Business: Financial: Banking
Interest Cockneys   (+4)  [vote for, against]
Interest payments distributed by cheery cockneys

If you have a bank or building society account which pays interest, then when you visit your bank or building society interest payments should be given to you personally by a balding cockney who stuffs a crumpled £20 into your shirt pocket and says "Orright squire/dahlin', 'ere you are, you got a lucky face - mind how you go then".
-- hippo, Nov 10 2002

(?) My old man said follow the van...
Among other stuff there is a glossary of slang. [Jinbish, Oct 04 2004, last modified Oct 05 2004]

(?) Mad Frankie Fraser
Is this the sort of cheery cockney you were thinking of, hippo? [DrBob, Oct 04 2004, last modified Oct 21 2004]

Mary Poppins
Hard to say which is the more horrific. Mad Frankie the axe murderer or Dick Van Dyke the dialect murderer. [DrBob, Oct 04 2004, last modified Oct 21 2004]

The last time a cockney came near me, I whacked it with a shoe. I guess I should have check to see if it had money.

I also didn't check to see if it could talk.
-- TBK, Nov 10 2002

its a bit of a worry if you go into the red - " Oye, mush. cough up or we send the boys round..."
-- po, Nov 10 2002

<squish> Oops, was that a tiger?
-- hippo, Nov 10 2002

how many interesting cockneys do you know? they'll have to be a breeding programme to supply more to banks if they find there aren't enough...
-- iain, Nov 10 2002

I want cheery po to deliver my crumpled twenties - are you a cockney if you're from Battesea?
-- yamahito, Nov 10 2002

not sure if its within the sound of Bow Bells. I was born in Clapham...ere's yer 20 mate...
-- po, Nov 10 2002

Cheers! I'll accept postal orders..?
-- yamahito, Nov 10 2002

Croissant just for the name.
-- phoenix, Nov 11 2002

[hippo] - is this linked to Paul Merton's impression of HM The Queen as a cockney gangster on Friday night's HIGNFY? "Gorra nice suit Mr Burrell, doan wanna see anyfin appen to it, know whaddi mean?"

Class link [Rods] - where did you drag that one up from?
-- PeterSilly, Nov 11 2002

Which in turn comes from Steve Bell's cartoon strip in the Guardian.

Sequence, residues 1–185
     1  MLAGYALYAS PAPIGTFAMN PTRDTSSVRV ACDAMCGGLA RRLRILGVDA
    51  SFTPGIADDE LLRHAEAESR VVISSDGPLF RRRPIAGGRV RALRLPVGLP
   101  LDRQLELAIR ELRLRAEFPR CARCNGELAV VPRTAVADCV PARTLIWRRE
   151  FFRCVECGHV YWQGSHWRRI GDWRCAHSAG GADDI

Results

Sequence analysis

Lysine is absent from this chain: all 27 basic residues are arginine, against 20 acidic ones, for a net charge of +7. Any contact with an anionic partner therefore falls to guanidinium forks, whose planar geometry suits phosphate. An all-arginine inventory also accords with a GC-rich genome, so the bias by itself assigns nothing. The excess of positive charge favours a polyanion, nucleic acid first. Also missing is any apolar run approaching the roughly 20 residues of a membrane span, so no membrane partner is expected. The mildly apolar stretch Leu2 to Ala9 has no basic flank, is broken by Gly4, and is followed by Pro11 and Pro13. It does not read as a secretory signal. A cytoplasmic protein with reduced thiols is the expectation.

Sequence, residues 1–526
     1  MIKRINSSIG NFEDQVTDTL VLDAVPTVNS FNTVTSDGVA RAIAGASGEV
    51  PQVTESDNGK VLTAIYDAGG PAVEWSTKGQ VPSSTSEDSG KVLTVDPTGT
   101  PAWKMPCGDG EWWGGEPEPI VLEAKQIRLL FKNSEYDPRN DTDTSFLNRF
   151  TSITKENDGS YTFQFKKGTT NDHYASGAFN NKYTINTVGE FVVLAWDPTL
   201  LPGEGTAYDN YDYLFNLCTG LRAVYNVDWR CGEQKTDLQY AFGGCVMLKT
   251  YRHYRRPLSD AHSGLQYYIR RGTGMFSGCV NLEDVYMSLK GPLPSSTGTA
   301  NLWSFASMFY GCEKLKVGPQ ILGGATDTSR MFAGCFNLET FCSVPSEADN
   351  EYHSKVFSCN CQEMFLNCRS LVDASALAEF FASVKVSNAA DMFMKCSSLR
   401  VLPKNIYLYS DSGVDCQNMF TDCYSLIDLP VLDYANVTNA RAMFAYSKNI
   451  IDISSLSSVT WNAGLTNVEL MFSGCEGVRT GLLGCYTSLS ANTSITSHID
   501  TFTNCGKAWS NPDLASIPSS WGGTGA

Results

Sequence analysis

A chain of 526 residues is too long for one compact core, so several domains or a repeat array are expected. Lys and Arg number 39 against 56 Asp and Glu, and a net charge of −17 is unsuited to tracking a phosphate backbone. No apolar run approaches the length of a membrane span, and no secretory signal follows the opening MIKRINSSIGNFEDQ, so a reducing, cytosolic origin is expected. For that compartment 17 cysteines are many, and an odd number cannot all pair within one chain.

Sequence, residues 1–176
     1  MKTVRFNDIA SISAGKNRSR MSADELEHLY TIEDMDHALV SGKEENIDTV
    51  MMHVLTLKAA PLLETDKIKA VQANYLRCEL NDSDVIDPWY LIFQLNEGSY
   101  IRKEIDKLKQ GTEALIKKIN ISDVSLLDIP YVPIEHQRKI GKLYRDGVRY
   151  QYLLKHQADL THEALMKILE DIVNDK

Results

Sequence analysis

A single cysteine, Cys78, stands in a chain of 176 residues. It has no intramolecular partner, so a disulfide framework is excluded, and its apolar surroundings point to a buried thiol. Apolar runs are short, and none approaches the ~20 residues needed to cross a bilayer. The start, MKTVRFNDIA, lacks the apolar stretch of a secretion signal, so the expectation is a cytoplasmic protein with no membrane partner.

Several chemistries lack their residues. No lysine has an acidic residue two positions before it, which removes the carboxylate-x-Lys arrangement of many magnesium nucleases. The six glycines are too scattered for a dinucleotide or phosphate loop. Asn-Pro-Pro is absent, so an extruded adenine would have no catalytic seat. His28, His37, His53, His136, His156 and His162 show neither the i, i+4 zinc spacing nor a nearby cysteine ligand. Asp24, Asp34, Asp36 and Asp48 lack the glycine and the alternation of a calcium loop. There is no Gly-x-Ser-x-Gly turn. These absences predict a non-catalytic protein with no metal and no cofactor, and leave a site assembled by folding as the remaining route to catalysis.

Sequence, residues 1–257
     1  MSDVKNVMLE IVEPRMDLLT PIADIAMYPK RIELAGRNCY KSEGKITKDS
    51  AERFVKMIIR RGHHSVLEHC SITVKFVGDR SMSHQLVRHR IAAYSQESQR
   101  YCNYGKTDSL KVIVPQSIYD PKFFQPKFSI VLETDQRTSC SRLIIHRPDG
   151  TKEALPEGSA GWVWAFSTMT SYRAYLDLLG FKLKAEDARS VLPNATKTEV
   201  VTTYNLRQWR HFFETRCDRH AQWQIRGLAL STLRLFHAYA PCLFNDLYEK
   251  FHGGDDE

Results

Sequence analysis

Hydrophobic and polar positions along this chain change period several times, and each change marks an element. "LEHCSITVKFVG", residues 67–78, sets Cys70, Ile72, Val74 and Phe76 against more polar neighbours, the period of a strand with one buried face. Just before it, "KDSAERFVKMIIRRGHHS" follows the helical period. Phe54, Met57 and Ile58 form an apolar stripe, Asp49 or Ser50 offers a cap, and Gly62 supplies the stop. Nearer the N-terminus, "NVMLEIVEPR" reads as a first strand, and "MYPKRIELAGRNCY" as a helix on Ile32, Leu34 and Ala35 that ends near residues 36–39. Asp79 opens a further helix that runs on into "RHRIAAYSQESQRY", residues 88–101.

-- General Washington, Nov 11 2002

I suggest renting some Michael Caine movies from the 60's.
-- snarfyguy, Nov 11 2002

[waugsqueke]:Its not just the 'cockney' thats important. I think its the 'cheery' that is the main point. Lets have our money handed to us by benevolent 'nice uncle' types. The cockney accent happens to suit this -
"There ya go sonny, theres ya macaroni. Take yoursel' daan to the rub-a-dub and treat yoursel to a forsyte or two."
meaning "Here is £25. Go to the pub and buy a few pints of lager"
-- Jinbish, Nov 12 2002

'Cockney' and 'money' go together like, well, Reggie and Ronnie. Or were you thinking more along the lines of someone like <winces> Dick Van Dyke? The fishbone is mine.
-- DrBob, Nov 12 2002

//I know what Cockey means//

Are you going to share that with the rest of the class, [waugs]?
-- whimsickle, Nov 12 2002

Sure of ones elf, verging on arrogance (generally somewhat outspoken too).
(besides me thinks that is a typo by waugs)
-- Jinbish, Nov 12 2002

[Jinbish] is right - it's about the human touch. A big corporation giving you your interest payment with a friendly pat on the shoulder and some kind words.
-- hippo, Nov 13 2002

In pre-medieval times, the inhabitants of London were thought, by country-dwellers, to live a life sheltered from the harshness of rural realities, and referred to them as "cock's eggs", meaning spoiled children. "Cock's egg", in the speech of the day, was "coken eye".
-- angel, Nov 14 2002

//in the speech of the day// Well, the speech of Kent, specifically. I think it was different north of the river. Unfortunately, no soft link exists to William Caxton's blog.
-- pertinax, Oct 17 2007

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